Not one London school that has had a fire so far this year had sprinklers fitted, the London Fire Brigade (LFB) has said.
Firefighters have attended 46 fires in London schools since January 1, and found none of the 18 primary schools, 14 secondary schools and 14 pre-schools and nurseries visited was fitted with an automatic fire suppression system (AFSS).
Sprinklers are the only fire safety system that detects a fire, suppresses a fire and can raise the alarm. Sprinklers save lives and protect property
The LFB has repeatedly called for sprinklers to be mandatory in new schools and those being refurbished, but the government is yet to update its position.
Of the 75 school fires in London in 2018, sprinklers were only fitted in one secondary school.
In 2017 there were 90 fires, with sprinklers fitted in just two of the secondary schools attended by the LFB.
In the 442 school fires attended by the LFB since 2014, crews found sprinklers in just 10 schools.
Sprinklers are particularly important during summer holidays when buildings are vacant and fires can go undetected for longer, the LFB said.
“It is shocking that we have been campaigning for a number of years to make sprinklers mandatory in new schools and retrofitted during major refurbishments and yet this year, every school fire we have been called to has had no sprinklers fitted,” said Charlie Pugsley, deputy assistant commissioner for fire safety.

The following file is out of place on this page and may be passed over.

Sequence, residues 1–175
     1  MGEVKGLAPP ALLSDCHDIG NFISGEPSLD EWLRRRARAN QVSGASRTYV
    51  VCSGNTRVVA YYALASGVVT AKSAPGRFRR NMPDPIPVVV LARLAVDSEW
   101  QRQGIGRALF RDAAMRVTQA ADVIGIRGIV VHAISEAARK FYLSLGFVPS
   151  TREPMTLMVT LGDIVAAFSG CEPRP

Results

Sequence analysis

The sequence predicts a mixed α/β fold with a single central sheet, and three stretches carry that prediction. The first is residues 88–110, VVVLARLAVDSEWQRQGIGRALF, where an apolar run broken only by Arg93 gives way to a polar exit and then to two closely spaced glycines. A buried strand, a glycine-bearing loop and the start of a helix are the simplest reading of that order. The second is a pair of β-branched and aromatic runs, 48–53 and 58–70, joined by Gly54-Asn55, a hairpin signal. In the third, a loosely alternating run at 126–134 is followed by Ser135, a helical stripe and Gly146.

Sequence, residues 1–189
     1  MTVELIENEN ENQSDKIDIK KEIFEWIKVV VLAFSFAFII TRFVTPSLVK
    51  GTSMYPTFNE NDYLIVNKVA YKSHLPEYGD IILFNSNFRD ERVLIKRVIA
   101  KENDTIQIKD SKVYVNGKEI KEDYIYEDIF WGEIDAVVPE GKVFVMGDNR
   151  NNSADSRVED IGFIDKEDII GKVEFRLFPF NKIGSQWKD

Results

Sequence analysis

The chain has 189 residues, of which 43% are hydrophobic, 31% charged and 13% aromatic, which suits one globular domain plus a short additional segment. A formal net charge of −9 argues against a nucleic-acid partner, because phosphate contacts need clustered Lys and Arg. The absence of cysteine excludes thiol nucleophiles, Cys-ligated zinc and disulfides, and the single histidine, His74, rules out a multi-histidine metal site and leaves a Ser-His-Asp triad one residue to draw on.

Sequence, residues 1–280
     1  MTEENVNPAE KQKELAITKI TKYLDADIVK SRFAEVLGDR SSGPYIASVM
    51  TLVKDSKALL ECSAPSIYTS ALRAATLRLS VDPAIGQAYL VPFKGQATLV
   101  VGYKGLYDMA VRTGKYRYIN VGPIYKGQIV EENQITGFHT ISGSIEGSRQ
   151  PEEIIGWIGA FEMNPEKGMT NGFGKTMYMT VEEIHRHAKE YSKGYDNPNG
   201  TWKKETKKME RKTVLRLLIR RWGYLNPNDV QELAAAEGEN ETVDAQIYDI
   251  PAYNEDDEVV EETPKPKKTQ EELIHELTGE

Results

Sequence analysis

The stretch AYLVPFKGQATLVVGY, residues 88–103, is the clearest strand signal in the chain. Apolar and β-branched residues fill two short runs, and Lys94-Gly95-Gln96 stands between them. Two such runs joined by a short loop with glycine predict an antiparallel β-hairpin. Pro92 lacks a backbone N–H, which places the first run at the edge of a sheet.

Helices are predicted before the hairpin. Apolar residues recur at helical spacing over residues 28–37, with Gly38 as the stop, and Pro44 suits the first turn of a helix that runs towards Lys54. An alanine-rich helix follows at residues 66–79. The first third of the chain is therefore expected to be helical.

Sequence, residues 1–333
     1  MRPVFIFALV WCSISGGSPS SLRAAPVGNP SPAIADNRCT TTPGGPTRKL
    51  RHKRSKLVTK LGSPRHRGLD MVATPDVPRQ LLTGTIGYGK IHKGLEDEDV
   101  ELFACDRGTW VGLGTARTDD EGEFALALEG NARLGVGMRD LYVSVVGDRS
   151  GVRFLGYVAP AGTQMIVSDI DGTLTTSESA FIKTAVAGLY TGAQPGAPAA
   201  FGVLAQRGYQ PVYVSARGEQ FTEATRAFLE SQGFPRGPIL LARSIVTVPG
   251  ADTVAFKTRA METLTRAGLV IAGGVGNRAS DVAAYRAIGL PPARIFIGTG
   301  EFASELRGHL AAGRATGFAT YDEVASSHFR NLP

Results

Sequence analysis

“Sprinklers are the only fire safety system that detects a fire, suppresses a fire and can raise the alarm. Sprinklers save lives and protect property.”
The LFB said millions of pounds are wasted every year repairing fire damage in London’s schools when sprinklers could have prevented the spread of fire.
Last week was the ten-year anniversary of the Thomas Fairchild School fire, in Hoxton. The primary school was closed for nearly three years after more than 100 firefighters battled the blaze for 10 hours.
The issue of sprinklers in schools has been a topic of contention for many years, but achieved particular prominence in the wake of the Grenfell Tower fire in 2017, which left 72 people dead and many more homeless.
Ahead of the first phase of the Grenfell Tower inquiry last year, the LFB called for action to install sprinklers in schools and residential high-rise buildings.
Earlier this year the Department for Education called for evidence on how best to update guidance on fire safety design in schools.
Figures released last February revealed that just 74 of the 260 schools rebuilt as part of phase one of the government’s priority school building programme have, or are planned to have, sprinklers fitted.
A Department for Education spokesperson said: “The safety of pupils and staff is paramount and schools are fundamentally safe places, designed to be evacuated as quickly as possible in the event of a fire.
“All schools are required to have an up-to-date fire risk assessment and to conduct regular fire drills.
“All new school buildings must be signed-off by an inspector to certify that they meet the requirements of building regulations and where sprinklers are considered necessary, they must be installed.”